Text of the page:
Leverett Saltonstall and the Election of 1876
These documents relate to the dispute over the Florida presidential electors in the 1876 Hayes-Tilden election and the involvement of Leverett Saltonstall (1825-1895) in the controversy.
Leverett Saltonstall was the son of Leverett Saltonstall (1783-1845) and Mary Elizabeth (Sanders) Saltonstall (1788-1858). A lawyer, he was active in the Massachusetts Democratic Party and was frequently nominated as a candidate for Congress though he was never elected. In 1876, Gov. William Gaston appointed him chief Massachusetts commissioner for the Philadelphia Centennial Exposition, the first World’s Fair held in the United States.
During the election of 1876, Saltonstall campaigned actively for Democratic presidential candidate Samuel J. Tilden. On 12 Nov. 1876, while in Philadelphia on Centennial business, Saltonstall received a telegram from the Massachusetts Democratic Committee requesting that he travel to Florida as part of a delegation to oversee the state’s election returns. A controversy had erupted in which the electoral votes in four states appeared to have been manipulated against Tilden and toward Republican candidate Rutherford B. Hayes. Tilden had defeated Hayes by popular vote and led by 19 electoral votes, but 20 votes were disputed. Florida held four of the 20 votes, and although it had originally reported for Tilden, reports of fraud and violence against Republicans led state electoral commissions to give the election to Hayes by one vote. The decision was challenged by House Democrats, who held the majority. Eventually the controversy reached such a crisis that Congress created a 15-member election commission to settle the election, and on 29 January 1877, it upheld Hayes’s election. Tilden became the first presidential candidate to lose the electoral vote while winning the popular vote, and the election of 1876 is second only to 2000 as the closest U.S. presidential election.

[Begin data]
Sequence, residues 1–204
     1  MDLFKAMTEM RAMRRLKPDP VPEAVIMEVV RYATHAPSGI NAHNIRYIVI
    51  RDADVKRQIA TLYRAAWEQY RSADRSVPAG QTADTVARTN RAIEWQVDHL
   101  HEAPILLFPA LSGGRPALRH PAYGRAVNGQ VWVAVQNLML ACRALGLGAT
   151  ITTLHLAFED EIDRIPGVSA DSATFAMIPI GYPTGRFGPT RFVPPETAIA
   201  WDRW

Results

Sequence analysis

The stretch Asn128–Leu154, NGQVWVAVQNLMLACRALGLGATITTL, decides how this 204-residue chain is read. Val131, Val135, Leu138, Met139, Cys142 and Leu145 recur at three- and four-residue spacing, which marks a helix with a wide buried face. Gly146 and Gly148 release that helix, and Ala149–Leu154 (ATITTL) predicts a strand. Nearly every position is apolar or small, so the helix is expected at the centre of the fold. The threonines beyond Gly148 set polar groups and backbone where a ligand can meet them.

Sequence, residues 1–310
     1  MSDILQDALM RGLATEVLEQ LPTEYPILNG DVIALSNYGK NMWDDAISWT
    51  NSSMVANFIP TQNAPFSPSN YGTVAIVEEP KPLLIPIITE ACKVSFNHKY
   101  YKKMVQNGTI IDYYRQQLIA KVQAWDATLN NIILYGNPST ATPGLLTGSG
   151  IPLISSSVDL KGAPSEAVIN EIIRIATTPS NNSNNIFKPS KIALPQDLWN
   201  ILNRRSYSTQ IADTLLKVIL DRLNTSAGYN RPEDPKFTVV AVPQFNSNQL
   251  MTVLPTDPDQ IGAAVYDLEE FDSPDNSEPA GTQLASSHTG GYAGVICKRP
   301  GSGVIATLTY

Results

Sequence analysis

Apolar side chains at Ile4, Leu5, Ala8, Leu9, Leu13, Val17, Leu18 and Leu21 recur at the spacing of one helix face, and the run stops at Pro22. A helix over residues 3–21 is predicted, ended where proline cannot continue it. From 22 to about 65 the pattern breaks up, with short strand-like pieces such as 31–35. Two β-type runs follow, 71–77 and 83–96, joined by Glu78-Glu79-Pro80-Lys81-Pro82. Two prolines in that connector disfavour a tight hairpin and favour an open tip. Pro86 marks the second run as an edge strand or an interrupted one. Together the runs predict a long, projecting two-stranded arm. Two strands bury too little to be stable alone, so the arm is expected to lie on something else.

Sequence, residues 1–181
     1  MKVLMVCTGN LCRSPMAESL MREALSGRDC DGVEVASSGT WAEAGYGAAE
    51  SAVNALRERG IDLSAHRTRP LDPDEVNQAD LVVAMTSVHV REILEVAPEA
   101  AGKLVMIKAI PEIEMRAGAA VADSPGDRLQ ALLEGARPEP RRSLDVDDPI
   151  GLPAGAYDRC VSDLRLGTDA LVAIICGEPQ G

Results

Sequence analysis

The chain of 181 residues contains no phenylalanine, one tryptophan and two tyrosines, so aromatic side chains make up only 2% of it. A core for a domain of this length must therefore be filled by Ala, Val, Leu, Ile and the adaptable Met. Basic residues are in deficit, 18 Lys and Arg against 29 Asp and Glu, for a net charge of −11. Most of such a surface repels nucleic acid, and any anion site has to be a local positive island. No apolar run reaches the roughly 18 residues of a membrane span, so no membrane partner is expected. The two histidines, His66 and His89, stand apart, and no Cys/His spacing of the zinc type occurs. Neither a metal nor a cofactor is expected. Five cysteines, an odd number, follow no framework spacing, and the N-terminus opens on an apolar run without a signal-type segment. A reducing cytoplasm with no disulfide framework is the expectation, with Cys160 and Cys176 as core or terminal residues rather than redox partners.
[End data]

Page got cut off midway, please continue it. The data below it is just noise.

Documents here include the telegram Saltonstall received from Abram S. Hewitt on 12 November 1876 asking him to go to Florida “to counsel peace and a fair and honest return,” and a 25 November letter to his wife, Rose Lee Saltonstall, describing the situation he found in Florida. There are several letters from Floridians in January of 1877 thanking him for his efforts. Saltonstall also received letters from Malcolm Hay, a Pennsylvania lawyer assigned to the investigation, and New York journalist Manton Marble. Saltonstall’s conciliatory views toward southern Democrats were challenged by J. W. Raymond in a letter to the editor of the Boston Traveller questioning Democratic Floridians’ patriotism. Raymond’s letter was answered by a petition which was signed by citizens throughout the country, defending Florida Democrats as well as Saltonstall’s service. Letters in February 1877 describe Floridians’ reaction to Raymond’s letter, and illustrate the delicate relationship between North and South during the Reconstruction Era.